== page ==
The Ferryman

Kristen Skedgell Weaver

I wonder about those signs on bridges, the ones that say, “Life is worth living”—so absolute in their simplicity, like the addict’s “Just say no,” or the poor man’s “Get a job.” I mean, what tear-streaked soul, dangling over the railing, is going to look around the tar pit he walked himself into, and consider that this moment of intense suffering is merely that, a moment, and the thoughts that say “Quit!” are merely thoughts; that life is just a game of chance and choice and depending on the card you drew, another angel could get his wings if you find a reason to go on.

          Personally, I like Winston Churchill who fought his own black dog, that Cerberus at the gate. I don’t know how many bridges he crossed in 1941 to get to those barely men at the Harrow School, after the “very terrible catastrophic” first ten months of ceaseless bombings, and how their eager scrubbed faces shone in the white sunlight of an overcast October day and remember what he said?  He said, “Never give in. Never give in. Never, never, never, never give in.”  It was the shortest speech in history and the boys like angels sang.

          I didn’t know that speech when I was nine, when my angel first appeared to me or maybe, like the doctors say, it was my healthy inner Self asserting itself. There was a blizzard and school was closed. I played alone outdoors, far from the icy stillness of home. Wind lashed me this way and that. I made a game of it—to see how long I could stand against it until, subdued, I crashed into a drift. Suddenly there was silence but silence like I’d never heard, breathtaking, breath…taking peace that stunned me with its welcome. I burrowed into it like a small animal and drank from the warm, soft underbelly of snow that surrounded me. This was what death must be like and I knew that if I closed my eyes and fell asleep in that white embrace, I would be freed from the sadness—theirs, that is, my father’s, my mother’s. And as I lay in the Ice Queen’s cocoon, my angel spoke to me or maybe it was God or Earth Mother or my healthy inner Self and she said, “Don’t quit ever.” And those were the first words I recorded in my first diary.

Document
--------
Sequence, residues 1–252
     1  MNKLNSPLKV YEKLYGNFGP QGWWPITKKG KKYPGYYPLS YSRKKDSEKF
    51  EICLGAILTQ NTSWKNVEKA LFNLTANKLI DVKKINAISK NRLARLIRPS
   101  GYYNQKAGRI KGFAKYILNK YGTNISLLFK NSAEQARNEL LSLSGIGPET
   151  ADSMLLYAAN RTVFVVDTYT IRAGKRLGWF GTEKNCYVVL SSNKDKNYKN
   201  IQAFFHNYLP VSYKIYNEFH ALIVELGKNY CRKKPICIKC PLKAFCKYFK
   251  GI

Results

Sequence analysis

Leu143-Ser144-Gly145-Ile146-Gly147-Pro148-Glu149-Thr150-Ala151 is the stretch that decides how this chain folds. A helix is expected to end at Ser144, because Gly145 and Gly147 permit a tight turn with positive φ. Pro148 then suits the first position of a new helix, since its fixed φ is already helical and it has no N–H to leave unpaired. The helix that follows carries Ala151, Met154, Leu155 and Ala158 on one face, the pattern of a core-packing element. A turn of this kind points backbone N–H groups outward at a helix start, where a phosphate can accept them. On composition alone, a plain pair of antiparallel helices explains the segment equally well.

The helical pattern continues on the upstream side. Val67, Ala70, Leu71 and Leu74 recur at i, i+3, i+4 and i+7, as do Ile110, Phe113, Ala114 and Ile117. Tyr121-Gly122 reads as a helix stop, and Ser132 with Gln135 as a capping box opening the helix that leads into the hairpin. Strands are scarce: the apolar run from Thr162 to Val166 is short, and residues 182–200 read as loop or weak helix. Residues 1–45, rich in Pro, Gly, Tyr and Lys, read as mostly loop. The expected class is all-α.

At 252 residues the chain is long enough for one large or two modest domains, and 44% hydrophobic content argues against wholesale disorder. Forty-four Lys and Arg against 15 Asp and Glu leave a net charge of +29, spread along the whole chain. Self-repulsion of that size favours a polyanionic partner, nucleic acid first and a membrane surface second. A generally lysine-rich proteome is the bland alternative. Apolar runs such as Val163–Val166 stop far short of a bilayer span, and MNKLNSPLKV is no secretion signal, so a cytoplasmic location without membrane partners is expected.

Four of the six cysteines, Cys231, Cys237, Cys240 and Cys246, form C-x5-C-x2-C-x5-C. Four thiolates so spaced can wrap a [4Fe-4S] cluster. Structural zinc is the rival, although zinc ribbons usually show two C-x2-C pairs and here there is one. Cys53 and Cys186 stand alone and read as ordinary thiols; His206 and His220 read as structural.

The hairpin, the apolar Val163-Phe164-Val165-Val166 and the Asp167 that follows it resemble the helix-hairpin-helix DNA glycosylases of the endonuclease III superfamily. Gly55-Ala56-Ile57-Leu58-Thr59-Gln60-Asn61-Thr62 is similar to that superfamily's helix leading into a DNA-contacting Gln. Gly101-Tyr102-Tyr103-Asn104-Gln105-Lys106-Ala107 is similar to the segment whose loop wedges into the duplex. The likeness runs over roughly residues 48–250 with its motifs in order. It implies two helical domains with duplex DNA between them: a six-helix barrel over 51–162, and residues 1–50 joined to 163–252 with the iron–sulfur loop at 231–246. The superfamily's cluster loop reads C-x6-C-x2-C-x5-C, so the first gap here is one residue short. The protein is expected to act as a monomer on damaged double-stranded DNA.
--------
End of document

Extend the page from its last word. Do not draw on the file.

It comes down to this, I think, this life on the bridge. You have to want to go somewhere even if you don’t see anywhere to go. Trust that part of you that wants, wants anything. Desire is not the enemy. The dead want nothing. They have arrived. Longing is the hallmark of the living. Don’t fear longing. Don’t fear failure. Fear the day, halfway across the bridge, when your car stalls out at rush hour, radiator smoking, and you walk away from it, indifferent to the horns blasting and the commuters cursing. You walk to the railing, lean over as far as you can and stare into the churning water below, judging how far and how long.  A stranger walks by, turns around and leans over the railing next to you.  You don’t recognize her, this angel of your better self, but when she throws herself into the river, you dive in after her.

          That’s when he comes chugging along—the burly, weary ferryman returning from his last run of the day. He throws you a line, pulls you into the boat, and brings you back to life’s surprising shore, where you still belong.

Kristen Skedgell Weaver’s poetry and essays have appeared in The Johns Hopkins Magazine, Ibbetson Street, This One Has No Name, Chicago Tribune and other publications. She is the author of Losing the Way, a memoir about her experience in a fundamentalist cult. Her latest play was semi-finalist at two international competitions. She is currently working on a serial novel on her blog at, a website she shares with her husband, Afaa Michael Weaver.

© Variant Literature Inc 2021